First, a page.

Investors have overreacted to fears about a slowing Chinese economy and unnecessarily sparked a sell-off in equities around the globe, says Instreet.
Instreet Investment managing director George Lucas said investors’ reaction to the slump in Chinese equities has also been overdone.
“The selling, which was compounded by uncertainty around the [US Federal Reserve] interest rate move, spooked equity markets with the Australian market alone shedding $60 billion in market capitalisation on Monday,” Mr Lucas said.
“In addition, worries about new crises in emerging markets are exaggerated – this is 2015, not 1997. Those economies are far more robust.”
Mr Lucas said that investors are wrongly confusing the sell-off of Chinese equities with China’s real economy, indicating that the economic data of the latter is not weak enough to justify recent fears.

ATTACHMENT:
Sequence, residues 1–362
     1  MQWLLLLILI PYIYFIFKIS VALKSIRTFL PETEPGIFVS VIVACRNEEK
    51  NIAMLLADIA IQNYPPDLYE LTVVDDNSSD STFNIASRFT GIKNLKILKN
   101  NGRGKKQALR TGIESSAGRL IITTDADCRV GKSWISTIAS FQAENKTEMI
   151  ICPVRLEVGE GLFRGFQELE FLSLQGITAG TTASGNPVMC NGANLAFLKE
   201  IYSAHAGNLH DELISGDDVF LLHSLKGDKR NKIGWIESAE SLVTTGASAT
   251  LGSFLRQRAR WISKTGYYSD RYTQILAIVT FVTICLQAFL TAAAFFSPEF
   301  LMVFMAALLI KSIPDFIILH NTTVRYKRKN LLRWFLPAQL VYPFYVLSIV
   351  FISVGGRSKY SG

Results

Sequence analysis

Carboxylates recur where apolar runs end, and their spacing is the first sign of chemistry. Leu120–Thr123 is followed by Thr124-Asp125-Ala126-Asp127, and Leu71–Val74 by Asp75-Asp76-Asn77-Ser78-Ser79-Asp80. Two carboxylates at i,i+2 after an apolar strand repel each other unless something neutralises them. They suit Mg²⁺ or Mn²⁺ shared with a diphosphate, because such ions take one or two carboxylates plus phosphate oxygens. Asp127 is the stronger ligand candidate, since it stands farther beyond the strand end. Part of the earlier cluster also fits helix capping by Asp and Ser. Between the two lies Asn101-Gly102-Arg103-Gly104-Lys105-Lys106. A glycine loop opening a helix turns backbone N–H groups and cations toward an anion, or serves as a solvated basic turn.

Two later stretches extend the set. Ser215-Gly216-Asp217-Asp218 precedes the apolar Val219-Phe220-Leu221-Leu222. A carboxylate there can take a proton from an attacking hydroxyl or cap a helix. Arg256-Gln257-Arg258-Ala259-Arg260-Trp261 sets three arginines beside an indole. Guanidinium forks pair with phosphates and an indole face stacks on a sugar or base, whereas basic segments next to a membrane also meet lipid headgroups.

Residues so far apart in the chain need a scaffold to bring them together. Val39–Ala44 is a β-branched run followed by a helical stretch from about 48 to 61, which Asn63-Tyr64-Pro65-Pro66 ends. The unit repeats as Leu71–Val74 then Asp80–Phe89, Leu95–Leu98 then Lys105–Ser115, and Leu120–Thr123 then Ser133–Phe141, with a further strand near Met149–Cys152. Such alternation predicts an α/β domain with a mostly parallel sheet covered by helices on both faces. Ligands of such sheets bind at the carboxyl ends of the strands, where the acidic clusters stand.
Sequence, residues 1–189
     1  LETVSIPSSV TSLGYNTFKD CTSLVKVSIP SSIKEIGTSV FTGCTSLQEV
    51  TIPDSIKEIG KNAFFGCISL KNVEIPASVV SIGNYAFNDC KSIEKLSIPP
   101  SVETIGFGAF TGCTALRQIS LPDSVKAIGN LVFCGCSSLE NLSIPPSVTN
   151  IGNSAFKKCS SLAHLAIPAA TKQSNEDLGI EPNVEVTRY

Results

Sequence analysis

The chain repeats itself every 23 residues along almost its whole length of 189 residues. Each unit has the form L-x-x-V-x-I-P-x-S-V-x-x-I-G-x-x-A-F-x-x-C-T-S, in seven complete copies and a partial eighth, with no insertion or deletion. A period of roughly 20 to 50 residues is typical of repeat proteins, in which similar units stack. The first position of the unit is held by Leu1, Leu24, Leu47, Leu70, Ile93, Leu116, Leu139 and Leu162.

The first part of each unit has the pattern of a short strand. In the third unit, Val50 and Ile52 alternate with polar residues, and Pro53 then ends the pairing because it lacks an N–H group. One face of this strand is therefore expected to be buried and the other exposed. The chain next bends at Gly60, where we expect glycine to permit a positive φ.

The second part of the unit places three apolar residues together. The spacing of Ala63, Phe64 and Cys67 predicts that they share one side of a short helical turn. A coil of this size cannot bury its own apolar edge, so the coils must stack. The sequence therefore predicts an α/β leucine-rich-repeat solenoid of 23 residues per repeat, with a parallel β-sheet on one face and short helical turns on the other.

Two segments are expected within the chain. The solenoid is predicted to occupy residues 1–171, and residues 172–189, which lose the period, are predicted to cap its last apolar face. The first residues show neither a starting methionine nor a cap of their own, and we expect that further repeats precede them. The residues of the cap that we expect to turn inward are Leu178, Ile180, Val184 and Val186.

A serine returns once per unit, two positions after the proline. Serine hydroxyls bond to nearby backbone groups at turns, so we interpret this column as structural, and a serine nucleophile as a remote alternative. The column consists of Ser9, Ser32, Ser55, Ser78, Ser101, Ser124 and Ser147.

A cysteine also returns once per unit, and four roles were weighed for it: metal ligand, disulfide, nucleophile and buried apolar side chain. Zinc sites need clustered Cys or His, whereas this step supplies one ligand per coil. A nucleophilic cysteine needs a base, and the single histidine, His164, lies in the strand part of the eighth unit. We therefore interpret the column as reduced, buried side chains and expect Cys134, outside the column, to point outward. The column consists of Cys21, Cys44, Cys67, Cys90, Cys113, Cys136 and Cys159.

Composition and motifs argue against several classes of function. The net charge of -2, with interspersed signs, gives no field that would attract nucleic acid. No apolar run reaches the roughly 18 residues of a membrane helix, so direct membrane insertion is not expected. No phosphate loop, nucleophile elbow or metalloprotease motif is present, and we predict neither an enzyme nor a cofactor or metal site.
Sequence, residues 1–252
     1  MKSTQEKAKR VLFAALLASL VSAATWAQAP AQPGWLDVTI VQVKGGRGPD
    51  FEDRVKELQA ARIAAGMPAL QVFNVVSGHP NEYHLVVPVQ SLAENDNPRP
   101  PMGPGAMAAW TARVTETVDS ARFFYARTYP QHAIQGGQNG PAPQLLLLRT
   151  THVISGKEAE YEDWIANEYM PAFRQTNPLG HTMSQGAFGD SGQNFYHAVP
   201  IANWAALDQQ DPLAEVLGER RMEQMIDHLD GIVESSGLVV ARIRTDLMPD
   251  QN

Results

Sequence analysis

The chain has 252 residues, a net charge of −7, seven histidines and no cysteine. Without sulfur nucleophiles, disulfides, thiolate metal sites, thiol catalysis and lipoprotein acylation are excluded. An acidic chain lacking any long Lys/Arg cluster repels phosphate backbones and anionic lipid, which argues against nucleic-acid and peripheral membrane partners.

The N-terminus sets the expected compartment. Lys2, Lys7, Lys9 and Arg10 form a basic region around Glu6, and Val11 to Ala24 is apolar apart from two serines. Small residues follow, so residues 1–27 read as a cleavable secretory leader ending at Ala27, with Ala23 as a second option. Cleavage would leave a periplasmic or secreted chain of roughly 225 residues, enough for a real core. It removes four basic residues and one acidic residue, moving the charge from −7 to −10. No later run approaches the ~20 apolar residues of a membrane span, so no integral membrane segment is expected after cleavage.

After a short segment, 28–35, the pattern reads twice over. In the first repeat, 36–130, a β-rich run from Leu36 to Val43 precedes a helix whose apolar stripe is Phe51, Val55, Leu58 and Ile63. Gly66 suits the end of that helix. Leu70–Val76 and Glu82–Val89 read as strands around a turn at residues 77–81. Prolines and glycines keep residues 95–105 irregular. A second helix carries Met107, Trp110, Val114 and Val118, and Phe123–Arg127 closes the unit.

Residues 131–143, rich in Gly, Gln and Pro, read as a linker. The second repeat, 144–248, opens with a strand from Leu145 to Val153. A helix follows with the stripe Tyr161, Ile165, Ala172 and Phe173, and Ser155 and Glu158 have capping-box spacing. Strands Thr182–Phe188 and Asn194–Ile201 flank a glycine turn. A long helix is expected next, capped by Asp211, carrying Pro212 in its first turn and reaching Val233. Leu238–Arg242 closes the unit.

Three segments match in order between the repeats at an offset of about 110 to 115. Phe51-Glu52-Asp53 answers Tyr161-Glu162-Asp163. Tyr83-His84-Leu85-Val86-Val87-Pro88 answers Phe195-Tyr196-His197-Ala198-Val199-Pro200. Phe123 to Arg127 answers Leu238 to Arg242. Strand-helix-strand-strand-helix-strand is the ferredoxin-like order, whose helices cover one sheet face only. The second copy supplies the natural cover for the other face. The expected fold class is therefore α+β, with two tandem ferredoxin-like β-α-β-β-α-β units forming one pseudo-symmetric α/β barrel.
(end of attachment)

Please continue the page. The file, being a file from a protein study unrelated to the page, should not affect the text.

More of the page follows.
Moreover, My Lucas pointed out that the recent panic over China has led investors to conclude that the US Federal Reserve will be less likely to tighten monetary policy in September.
“Although revised predictions of a December rate hike are reasonable, commentators predicting more [quantitative easing] and looser policy look silly with US GDP growth revised up above expectations to 3.7 per cent,” said Mr Lucas.
“The market is still predicting that there is a chance of a September move, with two weeks of economic data to analyse; however the recent panic, and a fall in core inflation, [means] the case appears to be weaker than two weeks ago.”
“The Catch 22 is that uncertainty around the Fed’s decision is adding to the volatility in the market which could delay the decision,” he said.